H&N Poetry Challenge

Do you have something that needs to be expressed in poetry? Post your sonnets in the comment section, below.

And it doesn't have to rhyme, in honor of our recent guest, Gail Mazur, we're asking for "American Sonnets." Gail coined the phrase to describe an unrhymed, free-verse 14 line poem, of the sort that Pulitzer Prize winning poet Robert Lowell wrote for years.

Professor of English at UMASS Boston Lloyd Schwartz had this to say in a posting for the Poetry Society:

"Gail Mazur has coined the term 'American sonnet' for the kind of unrhymed, free-verse 14-line poem Robert Lowell wrote for so many years. The freedom to write a sonnet without rhyme or meter, that consciously reflects a departure from these as well as from the traditional structures of Shakesperean or Petrachan sonnets, yet is also determined to think in 14-line units seems a uniquely American way of dealing with tradition"

This poem comes from Danielle Fontaine, a student of UMASS Boston English professor Lloyd Schwartz.

It Started With a Screw
spliced into our door frame.
I removed it, slipping
it into my right hand
pocket, before I left
you. In our bedroom,
the windowsills warped, knots
tangled up in wood. Unraveling
flannel, the screw catches corners.
The star branded into its head
is chipped, its threads, too worn
to grip. Still, I drive the point
into fresh drywall, dusting
the blue carpet, twisting up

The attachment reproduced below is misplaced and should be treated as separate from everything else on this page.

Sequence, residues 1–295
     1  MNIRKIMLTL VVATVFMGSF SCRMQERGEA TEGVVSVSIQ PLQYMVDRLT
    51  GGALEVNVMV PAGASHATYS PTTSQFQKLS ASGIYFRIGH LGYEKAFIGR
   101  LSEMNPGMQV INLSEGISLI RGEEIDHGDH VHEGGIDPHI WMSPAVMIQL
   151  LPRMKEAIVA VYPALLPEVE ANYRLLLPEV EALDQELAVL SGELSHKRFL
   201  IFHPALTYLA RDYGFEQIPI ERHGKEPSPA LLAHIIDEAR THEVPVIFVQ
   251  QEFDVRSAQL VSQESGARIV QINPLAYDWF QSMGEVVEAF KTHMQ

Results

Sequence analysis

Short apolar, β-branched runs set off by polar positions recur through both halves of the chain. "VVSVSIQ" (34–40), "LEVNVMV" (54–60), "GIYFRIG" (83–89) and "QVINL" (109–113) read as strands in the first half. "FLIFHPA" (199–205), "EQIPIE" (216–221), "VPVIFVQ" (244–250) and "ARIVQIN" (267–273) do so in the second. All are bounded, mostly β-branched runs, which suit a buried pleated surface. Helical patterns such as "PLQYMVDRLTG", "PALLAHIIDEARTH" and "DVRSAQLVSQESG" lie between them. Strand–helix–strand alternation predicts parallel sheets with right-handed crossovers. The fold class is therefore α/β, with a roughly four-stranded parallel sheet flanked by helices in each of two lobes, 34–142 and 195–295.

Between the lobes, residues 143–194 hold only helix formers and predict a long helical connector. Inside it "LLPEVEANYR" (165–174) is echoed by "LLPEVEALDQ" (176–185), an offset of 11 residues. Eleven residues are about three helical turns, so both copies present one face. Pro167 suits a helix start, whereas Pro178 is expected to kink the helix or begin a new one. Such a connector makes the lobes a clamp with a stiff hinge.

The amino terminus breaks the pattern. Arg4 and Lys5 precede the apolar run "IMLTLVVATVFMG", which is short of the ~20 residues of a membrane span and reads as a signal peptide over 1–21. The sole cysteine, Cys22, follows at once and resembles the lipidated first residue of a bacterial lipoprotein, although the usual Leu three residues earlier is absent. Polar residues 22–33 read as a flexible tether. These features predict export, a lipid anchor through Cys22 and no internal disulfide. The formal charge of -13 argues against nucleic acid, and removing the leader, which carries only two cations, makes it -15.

new window dressings.
- Danielle Fontaine

We also heard from listener Kay Dolezal, who sent this sonnet.

The Kindness of Strangers

Three urban red tail hawks were growing up
in a nest on an office building on a nearby Parkway.
Birders gathered and named them, calling one Larry.
My father was called Larry by friends and coworkers,
although he was Lawrence to my mother and Daddy to me.
I didn't want to, but the hawks made me remember
the unfamiliar distance that grew between us
with the bitter dementia of his last months
and the dark, beaked mask of his dying.
And they helped me see across a longer distance,
somehow shared their telescopic vision so I could see him living.
Now I can picture my father as his young hawk namesake,
launching a feathered body into currents of the air
again and again as watchers below call out to him and cheer.

-Kay Dolezal

This program aired on June 8, 2011. The audio for this program is not available.


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